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Brass Case Trimming Part 2


There are a few different ways to actually trim your brass. Starting at the cheaper end, we have Lee Precision’s Case Length Gauge and Shell Holder, which allows you to screw a set length gauge for a certain caliber into a cutter and trim to the set length. It’s designed to bottom out on the shell holder when the length is reached. Lee Precision’s other option is the Quick Trim Die, where you place a brass case inside a caliber-specific trim die, and then place the die into a standard reloading press. Then, with a handheld cutter, you trim the case down using the trim die to set the length.

Moving up the expense scale we start to see lathe-type trimmers appear from most of the mainstream manufacturers. These hold the case by the case head using a collet, and the cutter is guided by a pilot into the neck where it starts cutting the neck down. Some of these types of lathes, such as the Forster, can also double up as outside neck turners, and most will also handle inside neck chamfering as well.

As the cost of the trimmer increases, so too does the range of accessory options, which include things like micrometer gauges for ease of use when setting custom case lengths. You may use these for trimming your brass to the shortest case in the batch. The micrometer-type attachments help to make minute alterations to trim length, and also aid repeatability when using the trimmer from session to session, as you can note the actual settings on the micrometer. Some of the more custom-grade trimmers, like the LE Wilson, dispense with a collet for holding the case and instead use a case holder. This is a short piece of round bar with a caliber-specific hole in the middle in which the case is placed and tapped home for a tight fit. The case holder is then placed onto two rods on the trimmer bed, and a clamp is employed over the top to hold the complete assembly in place.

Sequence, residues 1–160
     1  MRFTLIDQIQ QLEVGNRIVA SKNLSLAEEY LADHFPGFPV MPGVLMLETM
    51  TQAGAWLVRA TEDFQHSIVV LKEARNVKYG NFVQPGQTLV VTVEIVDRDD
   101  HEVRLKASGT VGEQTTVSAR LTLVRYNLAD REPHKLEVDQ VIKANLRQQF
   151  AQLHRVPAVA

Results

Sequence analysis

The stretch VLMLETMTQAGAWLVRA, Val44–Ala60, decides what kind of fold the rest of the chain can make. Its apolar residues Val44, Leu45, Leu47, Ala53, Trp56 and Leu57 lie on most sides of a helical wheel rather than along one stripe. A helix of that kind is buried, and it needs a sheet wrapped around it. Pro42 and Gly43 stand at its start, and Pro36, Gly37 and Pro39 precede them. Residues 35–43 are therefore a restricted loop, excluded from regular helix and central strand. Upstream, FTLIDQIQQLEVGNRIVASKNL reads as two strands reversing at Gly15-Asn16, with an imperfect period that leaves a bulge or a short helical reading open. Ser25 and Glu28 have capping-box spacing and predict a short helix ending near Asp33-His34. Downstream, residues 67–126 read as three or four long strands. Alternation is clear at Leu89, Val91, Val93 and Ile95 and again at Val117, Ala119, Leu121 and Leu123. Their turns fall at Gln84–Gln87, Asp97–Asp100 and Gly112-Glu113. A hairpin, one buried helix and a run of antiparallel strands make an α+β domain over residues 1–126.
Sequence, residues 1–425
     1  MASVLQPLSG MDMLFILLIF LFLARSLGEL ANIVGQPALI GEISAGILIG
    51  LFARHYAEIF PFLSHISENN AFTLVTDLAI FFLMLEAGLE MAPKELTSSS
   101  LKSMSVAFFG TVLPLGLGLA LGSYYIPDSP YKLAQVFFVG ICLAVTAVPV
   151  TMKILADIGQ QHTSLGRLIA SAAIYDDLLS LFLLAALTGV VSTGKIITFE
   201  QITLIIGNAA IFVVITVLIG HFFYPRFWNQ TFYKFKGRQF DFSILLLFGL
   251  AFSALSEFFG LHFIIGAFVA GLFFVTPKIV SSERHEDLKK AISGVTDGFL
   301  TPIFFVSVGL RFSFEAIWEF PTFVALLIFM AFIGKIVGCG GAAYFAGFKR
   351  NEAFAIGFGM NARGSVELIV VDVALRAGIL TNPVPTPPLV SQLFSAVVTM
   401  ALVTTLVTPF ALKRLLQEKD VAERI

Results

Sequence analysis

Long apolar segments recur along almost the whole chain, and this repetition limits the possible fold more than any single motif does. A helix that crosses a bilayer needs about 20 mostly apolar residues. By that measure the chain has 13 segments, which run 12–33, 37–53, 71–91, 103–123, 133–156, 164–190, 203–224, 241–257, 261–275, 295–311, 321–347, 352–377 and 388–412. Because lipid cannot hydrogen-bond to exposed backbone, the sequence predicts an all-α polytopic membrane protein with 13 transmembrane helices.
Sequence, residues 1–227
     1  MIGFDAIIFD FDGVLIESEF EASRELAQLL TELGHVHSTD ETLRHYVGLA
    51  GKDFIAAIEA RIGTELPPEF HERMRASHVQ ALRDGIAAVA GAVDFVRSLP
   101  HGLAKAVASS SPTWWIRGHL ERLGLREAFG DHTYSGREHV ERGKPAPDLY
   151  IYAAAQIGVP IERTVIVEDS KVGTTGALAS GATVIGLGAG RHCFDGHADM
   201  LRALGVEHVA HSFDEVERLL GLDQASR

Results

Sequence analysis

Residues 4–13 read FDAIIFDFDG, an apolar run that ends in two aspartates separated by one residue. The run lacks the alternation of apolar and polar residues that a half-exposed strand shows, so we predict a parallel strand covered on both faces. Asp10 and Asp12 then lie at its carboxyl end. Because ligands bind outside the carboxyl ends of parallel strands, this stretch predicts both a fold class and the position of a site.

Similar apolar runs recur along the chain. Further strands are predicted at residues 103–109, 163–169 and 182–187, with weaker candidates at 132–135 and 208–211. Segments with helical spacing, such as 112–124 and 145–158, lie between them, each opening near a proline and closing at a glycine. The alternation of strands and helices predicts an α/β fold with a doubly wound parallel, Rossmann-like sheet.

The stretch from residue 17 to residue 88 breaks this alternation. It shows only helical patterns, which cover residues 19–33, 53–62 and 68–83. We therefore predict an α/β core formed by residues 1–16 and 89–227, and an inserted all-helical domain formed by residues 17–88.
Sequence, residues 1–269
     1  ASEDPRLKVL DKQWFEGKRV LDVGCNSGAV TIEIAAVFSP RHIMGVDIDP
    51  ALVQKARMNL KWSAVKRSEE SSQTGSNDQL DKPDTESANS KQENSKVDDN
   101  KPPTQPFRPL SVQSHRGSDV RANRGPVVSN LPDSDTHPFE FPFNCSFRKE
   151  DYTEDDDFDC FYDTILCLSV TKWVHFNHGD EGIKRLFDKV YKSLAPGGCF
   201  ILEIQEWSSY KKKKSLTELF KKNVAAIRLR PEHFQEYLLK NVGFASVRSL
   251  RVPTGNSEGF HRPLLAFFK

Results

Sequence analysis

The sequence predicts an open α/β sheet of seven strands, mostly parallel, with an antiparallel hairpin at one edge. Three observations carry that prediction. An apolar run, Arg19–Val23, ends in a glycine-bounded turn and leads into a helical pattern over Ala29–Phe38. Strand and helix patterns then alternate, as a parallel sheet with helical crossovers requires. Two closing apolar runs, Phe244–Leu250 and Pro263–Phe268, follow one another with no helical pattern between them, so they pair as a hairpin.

Other types of trimmers are the ones that can be used in conjunction with a battery-operated power drill. These have a hex shaft rod on them that the drill bites onto. These usually slip over the top of the case neck and trim the neck down until a built-in stop hits the shoulder and bottoms out the cutter. Slight variations on this type of cutter also allow us to trim, deburr and chamfer the neck at the same time, all in one operation. As already mentioned, some trimmers also allow us to neck turn with outside neck turning attachments, and others allow us to use inside neck reamers for the removal of internal ‘donuts’ (this will be covered in more depth in a future issue.

There are pros and cons to all of the above trimmers. Some will only cut to a set length and therefore are not as adaptable as others. Some are caliber specific so you will need to get a few different cutters if you shoot a few different calibers. Some are just more expensive than others. Like most tools in the reloading world, it’s a very personal choice as to which one you use, and to a certain extent the type of shooting and caliber used can determine the type of cutter you might use.There is no such thing as a bad trimmer, but some features are more desirable than others – for example, to be able to hold the case in a case holder while trimming leaves both hands free for ease of operation

Once you’ve chamfered and deburred the cases, you’ve completed the case preparation process. Now, you are ready to begin assembling a quality reloading brass that will give a high level of accuracy and precision in your rifle. The next article in this series will examine the different types of case lubes available that help your carefully-prepped cases work correctly inside reloading dies.